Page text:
The association of at-risk, problem, and pathological gambling with substance use, depression, and arrest history

Abstract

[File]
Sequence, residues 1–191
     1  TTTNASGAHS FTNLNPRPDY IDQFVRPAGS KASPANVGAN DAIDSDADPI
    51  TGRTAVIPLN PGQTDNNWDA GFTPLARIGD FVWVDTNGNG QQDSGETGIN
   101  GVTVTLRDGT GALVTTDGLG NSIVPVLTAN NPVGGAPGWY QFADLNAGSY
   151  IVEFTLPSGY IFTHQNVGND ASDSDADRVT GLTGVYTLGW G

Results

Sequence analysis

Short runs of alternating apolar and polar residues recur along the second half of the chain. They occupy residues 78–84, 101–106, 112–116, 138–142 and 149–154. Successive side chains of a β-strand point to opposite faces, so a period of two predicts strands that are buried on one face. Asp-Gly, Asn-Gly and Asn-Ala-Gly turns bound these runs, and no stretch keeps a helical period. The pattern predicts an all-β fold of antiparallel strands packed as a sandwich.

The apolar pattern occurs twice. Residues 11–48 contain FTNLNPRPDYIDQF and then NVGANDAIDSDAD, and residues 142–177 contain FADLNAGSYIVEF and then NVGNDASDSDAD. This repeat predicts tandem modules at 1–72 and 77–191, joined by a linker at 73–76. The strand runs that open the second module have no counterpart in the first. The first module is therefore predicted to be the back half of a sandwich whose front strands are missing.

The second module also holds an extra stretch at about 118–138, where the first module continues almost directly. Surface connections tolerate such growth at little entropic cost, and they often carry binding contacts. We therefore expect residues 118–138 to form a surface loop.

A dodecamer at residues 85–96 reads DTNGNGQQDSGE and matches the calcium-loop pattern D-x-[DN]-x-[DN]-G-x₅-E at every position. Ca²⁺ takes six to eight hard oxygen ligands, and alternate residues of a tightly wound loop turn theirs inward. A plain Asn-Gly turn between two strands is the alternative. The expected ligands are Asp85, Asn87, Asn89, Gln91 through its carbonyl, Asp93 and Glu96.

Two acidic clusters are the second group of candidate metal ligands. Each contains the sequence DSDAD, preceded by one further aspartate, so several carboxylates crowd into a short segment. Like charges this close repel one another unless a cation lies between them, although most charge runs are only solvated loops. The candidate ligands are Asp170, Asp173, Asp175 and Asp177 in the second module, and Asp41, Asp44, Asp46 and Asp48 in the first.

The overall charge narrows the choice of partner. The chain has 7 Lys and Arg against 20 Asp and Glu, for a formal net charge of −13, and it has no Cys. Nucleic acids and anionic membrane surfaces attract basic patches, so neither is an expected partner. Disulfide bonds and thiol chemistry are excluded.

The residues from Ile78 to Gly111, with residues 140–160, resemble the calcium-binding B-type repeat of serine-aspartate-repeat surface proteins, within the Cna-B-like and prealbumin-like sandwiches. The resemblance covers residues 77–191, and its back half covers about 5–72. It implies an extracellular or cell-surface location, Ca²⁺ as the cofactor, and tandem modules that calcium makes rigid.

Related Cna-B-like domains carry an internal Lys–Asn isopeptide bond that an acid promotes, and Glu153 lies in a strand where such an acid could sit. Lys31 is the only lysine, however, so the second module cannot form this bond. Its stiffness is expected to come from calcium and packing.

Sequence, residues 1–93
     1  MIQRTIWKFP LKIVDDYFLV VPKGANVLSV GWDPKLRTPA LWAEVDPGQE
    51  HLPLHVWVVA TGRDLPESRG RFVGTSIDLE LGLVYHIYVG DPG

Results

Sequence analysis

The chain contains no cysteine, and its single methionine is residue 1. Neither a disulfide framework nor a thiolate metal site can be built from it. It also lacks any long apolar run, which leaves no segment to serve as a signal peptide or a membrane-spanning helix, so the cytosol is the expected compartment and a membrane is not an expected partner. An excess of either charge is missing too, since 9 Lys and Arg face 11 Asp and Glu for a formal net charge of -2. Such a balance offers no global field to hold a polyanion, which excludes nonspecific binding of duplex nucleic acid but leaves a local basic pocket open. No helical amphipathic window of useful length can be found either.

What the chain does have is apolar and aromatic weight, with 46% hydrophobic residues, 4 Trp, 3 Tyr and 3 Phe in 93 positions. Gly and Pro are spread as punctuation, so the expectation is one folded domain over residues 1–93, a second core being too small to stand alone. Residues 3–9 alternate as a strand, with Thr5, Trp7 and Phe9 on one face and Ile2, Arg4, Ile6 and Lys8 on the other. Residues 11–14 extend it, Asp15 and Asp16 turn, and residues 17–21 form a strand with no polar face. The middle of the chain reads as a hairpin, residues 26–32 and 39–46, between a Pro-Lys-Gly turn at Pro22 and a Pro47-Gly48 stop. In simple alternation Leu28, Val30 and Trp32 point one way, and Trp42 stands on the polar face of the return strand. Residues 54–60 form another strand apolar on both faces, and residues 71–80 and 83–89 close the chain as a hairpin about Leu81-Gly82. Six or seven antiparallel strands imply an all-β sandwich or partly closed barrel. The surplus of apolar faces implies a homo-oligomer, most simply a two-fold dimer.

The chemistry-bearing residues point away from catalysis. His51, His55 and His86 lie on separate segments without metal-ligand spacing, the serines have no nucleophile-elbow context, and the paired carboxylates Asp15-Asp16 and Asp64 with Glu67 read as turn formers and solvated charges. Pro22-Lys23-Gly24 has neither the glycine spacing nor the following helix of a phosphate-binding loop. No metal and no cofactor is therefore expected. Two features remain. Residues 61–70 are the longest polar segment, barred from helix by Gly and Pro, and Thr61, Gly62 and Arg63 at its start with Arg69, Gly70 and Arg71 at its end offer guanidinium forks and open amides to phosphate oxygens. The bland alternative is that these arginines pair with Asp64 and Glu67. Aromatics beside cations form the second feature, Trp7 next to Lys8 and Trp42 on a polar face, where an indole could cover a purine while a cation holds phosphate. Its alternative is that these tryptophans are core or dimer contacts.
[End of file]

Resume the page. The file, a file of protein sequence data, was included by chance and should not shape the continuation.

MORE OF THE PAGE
We examined at-risk, problem, or pathological gambling co-occurrence with frequency of past-year alcohol, tobacco, and marijuana use; depressive symptoms; and arrest history. Data included the responses of over 3,000 individuals who participated in a 2006 telephone survey designed to understand the extent of at-risk, problem, and pathological gambling; comorbidity levels with substance use; mental health; and social problems among Southwestern {U.S.} residents. Data were analyzed with multinomial and bivariate logistic regression. Respondents at risk for problem gambling were more likely to use alcohol, tobacco, and marijuana than those respondents not at risk. Pathological gamblers were no more or less likely to consume alcohol or tobacco than were non-gamblers or those not at risk. A dose-response relationship existed between degree of gambling problems and depressive symptoms and arrest history. Interventions for at-risk or problem gamblers need to include substance use treatment, and the phenomenon of low levels of substance use among pathological gamblers needs further exploration.

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